Re: saxon impressions

Subject: Re: saxon impressions
From: David Carlisle <davidc@xxxxxxxxx>
Date: Fri, 9 Jul 1999 15:52:09 +0100 (BST)
> Yes, it constrains the processing to be in the natural sequential order.
> Like most other languages I use every day!

Seems like a big loss. One of the benefits of functional languages is
that they are inherently parallelisable. If functions are side effect
free you can dispatch them off to be evaluated in any suitable order,
or in particular, simultaneously.

> (When I asked the question on this list, what is it about stylesheets that
> makes the side-effect-free processing model particularly suitable, I got one
> response that made sense: the potential for partial regeneration of an
> output document if part of the source document changes.

Not only if it changes. Even if it is static.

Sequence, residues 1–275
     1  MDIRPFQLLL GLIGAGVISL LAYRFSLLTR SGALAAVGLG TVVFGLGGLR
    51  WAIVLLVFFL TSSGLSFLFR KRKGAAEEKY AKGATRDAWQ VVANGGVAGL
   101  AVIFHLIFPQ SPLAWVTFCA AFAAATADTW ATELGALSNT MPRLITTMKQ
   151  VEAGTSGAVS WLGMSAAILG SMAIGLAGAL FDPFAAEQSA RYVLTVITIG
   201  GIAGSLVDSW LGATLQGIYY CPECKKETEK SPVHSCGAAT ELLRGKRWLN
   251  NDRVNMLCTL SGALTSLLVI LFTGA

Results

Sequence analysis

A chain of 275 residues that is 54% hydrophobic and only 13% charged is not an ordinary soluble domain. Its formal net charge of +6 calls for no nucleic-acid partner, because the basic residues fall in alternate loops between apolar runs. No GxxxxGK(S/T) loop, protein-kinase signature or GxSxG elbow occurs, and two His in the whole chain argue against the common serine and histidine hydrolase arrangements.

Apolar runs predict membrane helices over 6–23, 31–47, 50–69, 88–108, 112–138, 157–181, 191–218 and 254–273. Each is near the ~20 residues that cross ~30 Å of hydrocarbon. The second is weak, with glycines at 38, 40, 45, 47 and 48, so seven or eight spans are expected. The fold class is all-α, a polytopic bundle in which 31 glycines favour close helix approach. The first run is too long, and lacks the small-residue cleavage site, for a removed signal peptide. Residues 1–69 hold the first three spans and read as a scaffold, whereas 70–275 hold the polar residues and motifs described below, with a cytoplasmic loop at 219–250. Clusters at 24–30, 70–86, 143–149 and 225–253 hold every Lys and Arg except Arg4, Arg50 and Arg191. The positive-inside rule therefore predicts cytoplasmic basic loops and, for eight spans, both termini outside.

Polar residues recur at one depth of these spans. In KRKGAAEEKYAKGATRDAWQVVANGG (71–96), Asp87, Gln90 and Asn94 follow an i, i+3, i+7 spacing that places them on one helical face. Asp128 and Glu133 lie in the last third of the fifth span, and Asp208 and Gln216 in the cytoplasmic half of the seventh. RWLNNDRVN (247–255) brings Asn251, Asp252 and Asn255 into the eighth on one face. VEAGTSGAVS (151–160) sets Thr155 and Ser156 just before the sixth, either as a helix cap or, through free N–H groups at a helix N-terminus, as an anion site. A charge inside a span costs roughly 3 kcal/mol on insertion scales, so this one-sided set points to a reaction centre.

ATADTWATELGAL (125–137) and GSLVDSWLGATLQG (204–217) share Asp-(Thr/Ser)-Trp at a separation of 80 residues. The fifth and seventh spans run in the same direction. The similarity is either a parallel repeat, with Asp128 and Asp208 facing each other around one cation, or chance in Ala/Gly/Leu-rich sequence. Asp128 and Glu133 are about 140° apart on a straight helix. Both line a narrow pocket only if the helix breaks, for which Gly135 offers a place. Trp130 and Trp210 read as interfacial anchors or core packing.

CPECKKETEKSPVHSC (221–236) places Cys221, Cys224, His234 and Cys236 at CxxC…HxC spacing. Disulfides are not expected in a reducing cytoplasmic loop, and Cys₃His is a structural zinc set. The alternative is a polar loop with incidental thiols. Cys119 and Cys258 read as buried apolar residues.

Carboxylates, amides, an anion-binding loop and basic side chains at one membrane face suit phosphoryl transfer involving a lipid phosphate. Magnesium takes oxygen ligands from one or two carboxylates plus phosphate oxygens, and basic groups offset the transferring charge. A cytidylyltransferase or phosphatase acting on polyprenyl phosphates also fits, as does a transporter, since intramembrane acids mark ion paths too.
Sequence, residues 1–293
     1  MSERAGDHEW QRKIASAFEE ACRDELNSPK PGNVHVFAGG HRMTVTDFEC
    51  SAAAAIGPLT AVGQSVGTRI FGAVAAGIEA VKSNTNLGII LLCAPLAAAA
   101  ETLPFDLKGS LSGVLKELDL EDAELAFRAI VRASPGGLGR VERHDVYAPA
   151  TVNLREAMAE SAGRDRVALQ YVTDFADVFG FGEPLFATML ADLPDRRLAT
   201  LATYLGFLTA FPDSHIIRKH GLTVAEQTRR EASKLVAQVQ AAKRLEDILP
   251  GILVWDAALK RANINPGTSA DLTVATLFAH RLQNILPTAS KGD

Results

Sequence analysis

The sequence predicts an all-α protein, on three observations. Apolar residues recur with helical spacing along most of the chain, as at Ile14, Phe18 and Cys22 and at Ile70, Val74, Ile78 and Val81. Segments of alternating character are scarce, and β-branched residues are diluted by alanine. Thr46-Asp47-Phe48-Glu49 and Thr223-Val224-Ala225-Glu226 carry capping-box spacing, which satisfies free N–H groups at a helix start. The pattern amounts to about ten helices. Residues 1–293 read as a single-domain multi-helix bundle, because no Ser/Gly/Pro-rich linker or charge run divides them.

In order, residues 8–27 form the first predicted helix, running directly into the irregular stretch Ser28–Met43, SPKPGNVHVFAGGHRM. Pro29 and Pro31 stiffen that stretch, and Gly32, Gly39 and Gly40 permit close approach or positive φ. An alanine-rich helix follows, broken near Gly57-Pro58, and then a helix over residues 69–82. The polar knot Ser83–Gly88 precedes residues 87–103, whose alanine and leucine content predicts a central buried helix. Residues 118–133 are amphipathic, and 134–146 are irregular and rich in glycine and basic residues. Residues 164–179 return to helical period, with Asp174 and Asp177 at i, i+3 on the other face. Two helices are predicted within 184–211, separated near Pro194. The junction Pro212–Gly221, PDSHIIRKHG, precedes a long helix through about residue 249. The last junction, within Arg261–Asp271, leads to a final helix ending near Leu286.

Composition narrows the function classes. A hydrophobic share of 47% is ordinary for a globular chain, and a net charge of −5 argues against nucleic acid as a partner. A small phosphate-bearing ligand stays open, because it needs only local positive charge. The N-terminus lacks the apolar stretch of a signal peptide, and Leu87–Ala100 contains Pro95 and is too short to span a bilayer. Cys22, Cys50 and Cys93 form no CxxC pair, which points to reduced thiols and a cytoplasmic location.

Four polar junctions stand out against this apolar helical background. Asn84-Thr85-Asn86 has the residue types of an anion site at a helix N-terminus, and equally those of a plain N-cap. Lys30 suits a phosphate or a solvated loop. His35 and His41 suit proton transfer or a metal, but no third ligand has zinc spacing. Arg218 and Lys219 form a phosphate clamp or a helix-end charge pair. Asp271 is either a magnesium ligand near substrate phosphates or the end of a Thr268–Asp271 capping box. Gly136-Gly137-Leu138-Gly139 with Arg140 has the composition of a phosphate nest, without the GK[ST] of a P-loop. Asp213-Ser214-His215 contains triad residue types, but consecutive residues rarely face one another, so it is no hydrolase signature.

If you have a 1000 page book and you want to look at the index
(assuming this index is in the source file, not generated on the fly by
the stylesheet) Then in a side effect free language you can start
processing the nodes for the index and just process earlier nodes if
explicitly referenced. With a saxon stylesheet you would presumably have
to process the entire book to make sure that any state variable are
correctly initialised before you start the index. That is by having
global variables you are forcing a particular order on the traversal of
the input tree, an order that may or may not be suitable for the
ordering required on the result tree.

> My current feeling is that the mental contortions needed to write
> transformations in a side-effect-free way are a heavy price to pay for
> that feature. 

Strange, I have always found that the functional model was the more
natural one, expressions being evaluated and returning results, not
having strange side effects all over the place. I suppose it takes all


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